In the end, it really was as inevitable as it seemed when Cardiff woke up to a crisp but beautiful morning.
Overnight, the news had come in that golf’s PGA Tour, which late on Thursday had decided to play three events behind closed doors – reportedly after consulting President Donald Trump – because of the coronavirus fears, had completely switched tack, summarily cancelled their flagship Players Championship after one round and also all their events up to April’s Masters.
We already knew that English football’s Premier League were meeting and with players and prominent head coaches now having the virus, were likely to call an abrupt halt to their season.
Formula One’s Australian Grand Prix had caved, tennis was halted. By lunchtime, the extremes of the Elite Ice Hockey League and the women’s golf tour Saudi event in the desert had also decided to stand down.
At midday, the SFA and SPFL put the brakes on Scottish football, including Sunday’s Old Firm game. Two hours earlier, the Welsh Rugby Union had released a statement re-iterating (as they had on a daily basis since the weekend) that the Wales-Scotland Six Nations game would proceed at 2.15 pm on Saturday.
Their first statement insisted medical advice they were getting from the Welsh Assembly and “medical experts” from Public Health Wales suggested a 75,000 sell-out at the Principality Stadium carried no risk. That seemed unbelievable at the time, and as event after event fell, it looked increasingly ridiculous.
Wales conducted their captain’s run at the Principality Stadium at 11 am with no hint of a change, although their captain Alun Wyn Jones’ press briefing had been cancelled – supposedly because he didn’t want to discuss the 10-week ban imposed on England’s Joe Marler for grabbing his genitals in last week’s game at Twickenham.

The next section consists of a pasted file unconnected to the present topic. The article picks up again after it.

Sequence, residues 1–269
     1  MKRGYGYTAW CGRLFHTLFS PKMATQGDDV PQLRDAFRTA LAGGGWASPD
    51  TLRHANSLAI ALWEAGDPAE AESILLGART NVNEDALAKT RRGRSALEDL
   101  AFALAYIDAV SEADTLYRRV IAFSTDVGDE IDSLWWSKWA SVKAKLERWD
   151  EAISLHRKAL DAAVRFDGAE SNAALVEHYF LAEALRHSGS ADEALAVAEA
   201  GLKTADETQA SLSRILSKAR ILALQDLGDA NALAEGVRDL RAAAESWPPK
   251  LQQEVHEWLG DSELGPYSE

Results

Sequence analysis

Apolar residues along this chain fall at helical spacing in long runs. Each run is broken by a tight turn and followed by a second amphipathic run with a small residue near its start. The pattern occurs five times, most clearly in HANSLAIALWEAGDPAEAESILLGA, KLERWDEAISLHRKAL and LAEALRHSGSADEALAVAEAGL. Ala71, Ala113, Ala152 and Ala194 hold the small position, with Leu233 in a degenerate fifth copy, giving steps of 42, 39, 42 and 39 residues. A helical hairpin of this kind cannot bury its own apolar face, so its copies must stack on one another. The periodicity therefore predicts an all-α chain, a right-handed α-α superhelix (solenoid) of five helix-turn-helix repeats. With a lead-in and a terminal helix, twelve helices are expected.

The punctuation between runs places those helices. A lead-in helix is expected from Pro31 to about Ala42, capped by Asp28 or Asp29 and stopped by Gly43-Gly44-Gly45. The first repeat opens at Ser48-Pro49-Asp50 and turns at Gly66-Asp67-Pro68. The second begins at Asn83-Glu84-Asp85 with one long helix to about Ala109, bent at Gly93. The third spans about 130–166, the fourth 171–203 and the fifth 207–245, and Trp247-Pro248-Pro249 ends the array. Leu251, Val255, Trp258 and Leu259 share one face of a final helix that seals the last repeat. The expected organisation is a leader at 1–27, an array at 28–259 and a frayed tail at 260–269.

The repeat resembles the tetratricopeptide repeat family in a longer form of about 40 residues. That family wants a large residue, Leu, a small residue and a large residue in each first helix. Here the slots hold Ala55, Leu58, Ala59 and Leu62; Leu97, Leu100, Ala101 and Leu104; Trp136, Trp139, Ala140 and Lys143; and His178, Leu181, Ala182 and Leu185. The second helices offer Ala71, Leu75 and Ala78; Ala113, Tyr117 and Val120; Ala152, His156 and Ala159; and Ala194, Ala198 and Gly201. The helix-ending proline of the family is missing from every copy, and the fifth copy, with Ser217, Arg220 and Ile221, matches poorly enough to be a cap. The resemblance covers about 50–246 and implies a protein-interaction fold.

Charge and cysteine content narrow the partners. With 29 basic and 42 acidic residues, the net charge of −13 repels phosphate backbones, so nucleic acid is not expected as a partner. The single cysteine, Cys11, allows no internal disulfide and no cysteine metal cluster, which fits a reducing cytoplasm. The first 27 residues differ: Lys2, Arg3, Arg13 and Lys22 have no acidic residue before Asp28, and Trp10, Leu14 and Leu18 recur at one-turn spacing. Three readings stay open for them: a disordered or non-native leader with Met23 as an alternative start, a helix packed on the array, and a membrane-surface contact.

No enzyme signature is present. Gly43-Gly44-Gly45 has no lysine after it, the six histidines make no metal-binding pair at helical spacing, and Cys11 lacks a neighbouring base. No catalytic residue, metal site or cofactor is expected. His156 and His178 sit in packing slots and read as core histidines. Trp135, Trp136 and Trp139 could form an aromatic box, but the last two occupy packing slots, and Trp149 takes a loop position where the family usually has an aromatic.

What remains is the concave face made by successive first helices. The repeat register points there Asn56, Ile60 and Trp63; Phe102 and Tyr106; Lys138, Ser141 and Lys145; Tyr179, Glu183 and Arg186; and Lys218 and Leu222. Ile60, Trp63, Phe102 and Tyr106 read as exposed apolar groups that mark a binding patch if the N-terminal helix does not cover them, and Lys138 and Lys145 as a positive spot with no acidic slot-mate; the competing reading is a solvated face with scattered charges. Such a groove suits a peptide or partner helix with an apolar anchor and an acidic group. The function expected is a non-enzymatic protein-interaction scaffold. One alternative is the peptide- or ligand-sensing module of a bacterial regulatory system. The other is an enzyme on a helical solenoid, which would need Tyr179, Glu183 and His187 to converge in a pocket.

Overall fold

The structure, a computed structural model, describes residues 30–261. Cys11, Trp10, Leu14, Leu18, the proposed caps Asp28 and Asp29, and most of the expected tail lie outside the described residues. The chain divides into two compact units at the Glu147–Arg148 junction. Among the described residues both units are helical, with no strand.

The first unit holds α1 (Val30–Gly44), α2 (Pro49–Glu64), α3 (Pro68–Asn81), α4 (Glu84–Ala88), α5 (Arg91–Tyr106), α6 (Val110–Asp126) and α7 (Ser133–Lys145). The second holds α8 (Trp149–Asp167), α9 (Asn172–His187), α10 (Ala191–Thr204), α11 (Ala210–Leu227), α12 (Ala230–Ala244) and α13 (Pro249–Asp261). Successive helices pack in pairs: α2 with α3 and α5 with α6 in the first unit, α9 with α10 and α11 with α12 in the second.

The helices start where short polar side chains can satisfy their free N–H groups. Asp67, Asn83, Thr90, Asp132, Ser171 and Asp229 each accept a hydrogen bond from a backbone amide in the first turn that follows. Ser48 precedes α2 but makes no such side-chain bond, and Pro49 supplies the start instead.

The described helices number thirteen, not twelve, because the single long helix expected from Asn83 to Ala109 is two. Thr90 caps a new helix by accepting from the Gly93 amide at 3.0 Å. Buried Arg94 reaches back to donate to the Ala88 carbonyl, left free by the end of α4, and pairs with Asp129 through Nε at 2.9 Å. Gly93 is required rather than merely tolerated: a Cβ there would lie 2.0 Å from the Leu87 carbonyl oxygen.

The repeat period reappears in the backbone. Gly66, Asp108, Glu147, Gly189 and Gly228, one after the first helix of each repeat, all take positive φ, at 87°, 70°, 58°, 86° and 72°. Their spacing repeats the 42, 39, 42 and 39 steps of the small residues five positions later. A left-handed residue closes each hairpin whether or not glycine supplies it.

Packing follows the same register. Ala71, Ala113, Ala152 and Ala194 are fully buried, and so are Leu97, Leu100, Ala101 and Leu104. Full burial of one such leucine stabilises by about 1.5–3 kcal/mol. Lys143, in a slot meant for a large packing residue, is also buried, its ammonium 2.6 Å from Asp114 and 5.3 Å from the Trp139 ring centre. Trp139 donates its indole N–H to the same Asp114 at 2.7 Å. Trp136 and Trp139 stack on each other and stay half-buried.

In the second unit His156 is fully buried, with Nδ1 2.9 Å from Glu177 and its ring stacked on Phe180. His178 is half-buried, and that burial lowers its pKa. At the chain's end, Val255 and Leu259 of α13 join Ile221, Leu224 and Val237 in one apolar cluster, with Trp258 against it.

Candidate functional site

But as media waited for Scotland’s 2pm captain’s run, we watched the wires as event after event continued to fall. With Scottish and English football postponing, Europe going behind closed doors and all of America’s main sports shut down, it seemed the full house at the Principality Stadium would be the only mass-gathering at any sporting event this weekend anywhere in the world.
That was clearly untenable. At 2pm, a WRU official came into the media room at the stadium to say Scotland wouldn’t be coming for their captain’s run, and the game was off. We were just 24 hours and 15 minutes away from kick-off.
Already, thousands of Scottish fans were arriving in Cardiff by rail, air and road. Had a reasonable decision been made earlier in the week to move all of the Six Nations’ Super Saturday to October, they might have been saved the trouble and at least some of the expense.
One sympathises with those who parted with hard-earned cash and some who booked twice (because Flybe, the main budget carrier between Scottish airports and Cardiff, went under last week) but there are far larger issues at play here than money.
Sport is a meaningless trifle in the face of a pandemic, already, and none of the “medical experts” purportedly supporting the WRU earlier day could say with any certainty that no-one would be infected as a result of attending the game.
However shambolically belated it was, the right decision was made.